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Derek Brown’s Dynasty Deep Dive: Running Backs (2022 Fantasy Football)

by Derek Brown | @dbro_ffb | Featured Writer
May 26, 2022

With rookie drafts wrapping up for many leagues, it’s now time to fill out the back end of your dynasty roster with some waiver wire fliers. Popular rookie undrafted free agents and late-round draft selections like Isaih Pacheco (RB – KC), Keaontay Ingram (RB – ARI), Snoop Conner (RB – JAC), Abram Smith (RB – NO) and Ty Chandler (RB – MIN) have crept up inside the top-50 rookie ADP (per DLF) or have generated enough buzz that they likely won’t make it to the waiver wire. That’s ok, as I’m offering you a smattering of rushers that also offer upside should injuries arise in 2022. Grab your darts, and let’s see if we can hit a bullseye for the 2022 fantasy football season.

Derrick Gore (RB – KC)

Derrick Gore is a free money investment into the backfield of one of the NFL’s best offenses. With only Clyde Edwards-Helaire (RB – KC) and Ronald Jones (RB – KC) above him, not much has to go wrong for Gore to see the field. Last year in limited duty, he played extremely well, ranking 17th in yards after contact per attempt (minimum 50 rushing attempts, per PFF). He’s shown the same slipperiness in limited preseason action across multiple seasons, with 3.87 yards after contact per attempt (over 30 carries, per PFF).

Craig Reynolds (RB- DET)

Craig Reynolds is in a similar boat as Gore, as he’s third on the Lions’ depth chart behind only D’Andre Swift (RB – DET) and Jamaal Williams (RB – DET). Reynolds has also balled out when given opportunities. Last season among running backs with 50 or more carries, he ranked third in yards after contact per attempt (per PFF). He also forced a whopping 12 missed tackles on 55 rushing attempts, which handily trumps Swift and Williams’ tackle-breaking abilities. In the two games he saw 12 or more snaps, he rolled up 195 rushing yards on 37 carries (5.27 yards per carry).

Rico Dowdle (RB – DAL)

Another bronze medal depth chart running back who is sitting behind Ezekiel Elliott (RB – DAL) and Tony Pollard (RB – DAL). I’ve been a long-time Rico Dowdle truther, who was overlooked by the NFL Draft community and landed in Dallas. Dowdle was hurt last season (hip fracture), so this is assuming he’s back to full health. If so, I’m buying back in on the talent. Dowdle rolled up 3.64 yards after contact per attempt in last year’s preseason action (per PFF), utilizing his 90th-percentile burst score.

Jashaun Corbin (RB – NYG)

Jashaun Corbin lands on a depth chart with ample opportunity to climb into the primary backup role behind Saquon Barkley (RB – NYG). Despite flopping in his combine testing outside of a 61st-percentile agility score, Corbin ranked second in yards after contact per attempt last year among all collegiate rushers with 100 or more carries (per PFF). His 18% slot or outside snap rate and 10.9% target share in his final season at Florida State offer hope he can be a versatile weapon in the passing game as well.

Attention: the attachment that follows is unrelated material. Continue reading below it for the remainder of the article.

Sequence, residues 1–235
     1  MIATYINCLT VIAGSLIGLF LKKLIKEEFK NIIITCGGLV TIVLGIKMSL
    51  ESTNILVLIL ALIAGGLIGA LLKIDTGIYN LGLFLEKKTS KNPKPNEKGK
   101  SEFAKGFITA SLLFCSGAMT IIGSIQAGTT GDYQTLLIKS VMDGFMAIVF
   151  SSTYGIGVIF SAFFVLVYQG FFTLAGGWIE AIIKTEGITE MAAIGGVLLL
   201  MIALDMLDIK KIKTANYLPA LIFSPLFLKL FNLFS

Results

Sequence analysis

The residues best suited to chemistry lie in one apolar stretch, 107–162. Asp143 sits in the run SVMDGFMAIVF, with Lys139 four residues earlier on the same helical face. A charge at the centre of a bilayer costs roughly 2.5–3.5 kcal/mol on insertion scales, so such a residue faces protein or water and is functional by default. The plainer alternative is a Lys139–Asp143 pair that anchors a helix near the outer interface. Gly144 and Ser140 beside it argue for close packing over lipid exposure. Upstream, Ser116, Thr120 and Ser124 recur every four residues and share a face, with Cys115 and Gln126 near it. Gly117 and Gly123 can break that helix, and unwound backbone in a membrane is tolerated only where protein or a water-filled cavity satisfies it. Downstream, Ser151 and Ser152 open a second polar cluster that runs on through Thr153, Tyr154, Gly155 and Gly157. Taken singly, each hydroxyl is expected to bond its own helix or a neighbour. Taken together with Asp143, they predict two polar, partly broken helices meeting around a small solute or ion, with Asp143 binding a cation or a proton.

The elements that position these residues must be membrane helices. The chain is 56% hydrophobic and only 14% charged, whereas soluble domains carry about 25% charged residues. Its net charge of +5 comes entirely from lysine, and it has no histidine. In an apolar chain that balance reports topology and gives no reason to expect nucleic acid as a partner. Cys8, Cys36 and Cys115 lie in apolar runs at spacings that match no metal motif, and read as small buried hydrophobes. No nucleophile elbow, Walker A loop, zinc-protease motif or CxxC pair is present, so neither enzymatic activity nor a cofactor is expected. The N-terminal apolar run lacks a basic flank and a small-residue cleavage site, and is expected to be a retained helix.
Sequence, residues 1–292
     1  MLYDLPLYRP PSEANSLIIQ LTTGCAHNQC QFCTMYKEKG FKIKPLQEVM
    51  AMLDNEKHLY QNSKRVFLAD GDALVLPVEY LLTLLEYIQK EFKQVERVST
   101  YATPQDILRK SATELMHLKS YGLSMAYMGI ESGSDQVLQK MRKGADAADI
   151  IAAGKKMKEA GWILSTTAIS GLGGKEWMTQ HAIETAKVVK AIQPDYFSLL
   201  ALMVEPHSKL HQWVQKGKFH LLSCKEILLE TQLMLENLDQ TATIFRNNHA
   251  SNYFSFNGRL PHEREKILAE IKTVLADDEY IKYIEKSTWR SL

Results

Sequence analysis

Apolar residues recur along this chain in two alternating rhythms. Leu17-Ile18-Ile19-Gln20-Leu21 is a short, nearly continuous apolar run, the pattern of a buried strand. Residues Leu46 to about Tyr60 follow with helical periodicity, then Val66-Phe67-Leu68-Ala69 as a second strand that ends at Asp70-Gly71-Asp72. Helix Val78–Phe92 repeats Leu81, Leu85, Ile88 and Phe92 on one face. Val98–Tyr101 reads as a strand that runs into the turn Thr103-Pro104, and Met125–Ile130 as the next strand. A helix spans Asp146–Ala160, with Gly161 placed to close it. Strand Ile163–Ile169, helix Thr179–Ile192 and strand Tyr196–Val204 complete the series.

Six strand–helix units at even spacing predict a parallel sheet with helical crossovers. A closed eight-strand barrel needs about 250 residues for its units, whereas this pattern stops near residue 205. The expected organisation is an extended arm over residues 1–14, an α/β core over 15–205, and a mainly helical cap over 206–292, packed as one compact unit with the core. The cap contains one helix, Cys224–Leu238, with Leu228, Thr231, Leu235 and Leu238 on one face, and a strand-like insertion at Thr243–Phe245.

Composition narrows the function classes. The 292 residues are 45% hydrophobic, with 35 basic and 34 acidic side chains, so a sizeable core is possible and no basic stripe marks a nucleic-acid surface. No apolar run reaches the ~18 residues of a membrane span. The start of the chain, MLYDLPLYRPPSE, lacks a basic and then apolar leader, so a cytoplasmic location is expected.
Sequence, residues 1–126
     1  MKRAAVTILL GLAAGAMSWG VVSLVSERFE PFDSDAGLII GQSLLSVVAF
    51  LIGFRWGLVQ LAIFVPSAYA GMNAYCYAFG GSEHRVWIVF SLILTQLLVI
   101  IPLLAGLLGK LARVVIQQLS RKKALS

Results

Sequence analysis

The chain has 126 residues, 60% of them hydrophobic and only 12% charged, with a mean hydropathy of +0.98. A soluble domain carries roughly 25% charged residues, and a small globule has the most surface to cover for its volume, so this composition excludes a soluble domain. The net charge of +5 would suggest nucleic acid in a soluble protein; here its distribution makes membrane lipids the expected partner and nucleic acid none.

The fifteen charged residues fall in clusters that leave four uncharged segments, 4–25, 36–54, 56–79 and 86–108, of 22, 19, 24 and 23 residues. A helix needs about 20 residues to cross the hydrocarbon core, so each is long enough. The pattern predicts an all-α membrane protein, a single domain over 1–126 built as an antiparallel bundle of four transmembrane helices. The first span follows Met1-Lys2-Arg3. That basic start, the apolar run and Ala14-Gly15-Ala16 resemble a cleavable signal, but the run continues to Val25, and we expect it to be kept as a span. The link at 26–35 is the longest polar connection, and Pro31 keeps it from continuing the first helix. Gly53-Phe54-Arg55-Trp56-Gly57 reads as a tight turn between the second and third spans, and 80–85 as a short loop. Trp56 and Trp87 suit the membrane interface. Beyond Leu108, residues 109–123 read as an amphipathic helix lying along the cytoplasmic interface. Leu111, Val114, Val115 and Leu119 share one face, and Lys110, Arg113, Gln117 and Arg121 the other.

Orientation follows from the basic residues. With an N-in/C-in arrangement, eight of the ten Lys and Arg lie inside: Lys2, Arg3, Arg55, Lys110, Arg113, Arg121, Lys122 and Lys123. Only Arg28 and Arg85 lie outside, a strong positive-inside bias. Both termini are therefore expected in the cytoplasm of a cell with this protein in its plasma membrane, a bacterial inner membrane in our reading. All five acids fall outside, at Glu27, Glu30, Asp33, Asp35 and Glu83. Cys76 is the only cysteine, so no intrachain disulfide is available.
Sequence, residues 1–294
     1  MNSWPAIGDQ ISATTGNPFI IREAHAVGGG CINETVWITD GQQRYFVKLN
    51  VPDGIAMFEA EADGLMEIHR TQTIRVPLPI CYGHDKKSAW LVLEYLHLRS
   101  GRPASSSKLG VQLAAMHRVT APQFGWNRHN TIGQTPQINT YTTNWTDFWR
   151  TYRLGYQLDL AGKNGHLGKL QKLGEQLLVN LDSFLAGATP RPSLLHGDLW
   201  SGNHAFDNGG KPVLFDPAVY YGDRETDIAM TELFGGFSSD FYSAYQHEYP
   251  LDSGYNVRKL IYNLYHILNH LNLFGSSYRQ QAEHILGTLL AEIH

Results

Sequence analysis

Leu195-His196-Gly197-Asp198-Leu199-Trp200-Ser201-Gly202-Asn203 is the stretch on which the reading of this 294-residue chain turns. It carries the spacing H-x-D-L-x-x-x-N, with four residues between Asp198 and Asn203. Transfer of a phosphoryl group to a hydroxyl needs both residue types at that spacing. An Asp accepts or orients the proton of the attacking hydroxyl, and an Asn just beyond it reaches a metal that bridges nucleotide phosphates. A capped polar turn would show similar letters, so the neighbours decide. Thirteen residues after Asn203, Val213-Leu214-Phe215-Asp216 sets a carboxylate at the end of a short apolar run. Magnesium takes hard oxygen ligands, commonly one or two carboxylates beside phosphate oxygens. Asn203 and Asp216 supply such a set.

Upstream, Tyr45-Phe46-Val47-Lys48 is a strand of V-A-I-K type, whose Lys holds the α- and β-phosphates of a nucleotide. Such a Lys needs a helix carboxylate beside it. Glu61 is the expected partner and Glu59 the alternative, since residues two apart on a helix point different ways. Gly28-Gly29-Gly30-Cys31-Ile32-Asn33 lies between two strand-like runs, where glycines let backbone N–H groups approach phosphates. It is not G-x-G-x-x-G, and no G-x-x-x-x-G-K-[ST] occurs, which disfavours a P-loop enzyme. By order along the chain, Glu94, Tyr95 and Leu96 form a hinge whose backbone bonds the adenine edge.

Mataeo Durant (RB – PIT)/Jaylen Warren (RB – PIT)

Benny Snell (RB – PIT) and the misfit collection of mangled running backs behind Najee Harris (RB – PIT) should pose little threat for one (or both) of these rushers from climbing the depth chart. Mataeo Durant and his 4.48 speed, 75th-percentile burst score and 76th-percentile college dominator would be an instant upgrade over that group.

If it’s not Durant, it could be Jaylen Warren, an underrated workhorse last year at Oklahoma State. Warren racked up 281 touches, turning them into 1,441 total yards. Last season, he was second among all FBS rushers in missed tackles forced while also drawing a 7.6% target share (per PFF).

Other names to consider adding in dynasty leagues:

Darrynton Evans (RB – CHI)/Trestan Ebner (RB – CHI)

Yes, I’m sneaking in a truther pick here, so you’ll have to excuse me for shining some love on my own bias. This isn’t Khalil Herbert (RB –  CHI) shade, as he played extremely well last year when thrust into the lead role. Darrynton Evans is also a talented back in his own right. Evans has rarely seen the field since being selected in the fourth round of the NFL Draft, but the 87th-percentile speed and 83rd-percentile burst score are still present. Evans may beat him out in camp with a new regime without ties to Herbert. Evans is a hand-in-glove fit for the rumored move to outside zone rushing the team is deploying.

If it’s not Evans who could steal the backup role, it could be Trestan Ebner. Ebner standing at 5-11, 209 lbs has lead back size to go along with 4.43 speed and an 89th-percentile speed score. Ebner is also an ace in the passing game, collecting a 7.2% or higher target share in each of his last four seasons and 20 or more receptions in every year at Baylor.

Kylin Hill (RB – GB)

Kylin Hill played well last preseason after landing on the roster as a seventh-round selection by the Packers. Hill could be an automatic factor in the passing game if Aaron Jones (RB – GB) or A.J. Dillon (RB – GB) are sidelined. Hill posted a 7.3% or higher target share at Mississippi State in two of his final three seasons. He also backed that up in the preseason last year with 1.67 yards per route run and displaying some early down prowess, ranking 14th in missed tackles forced.

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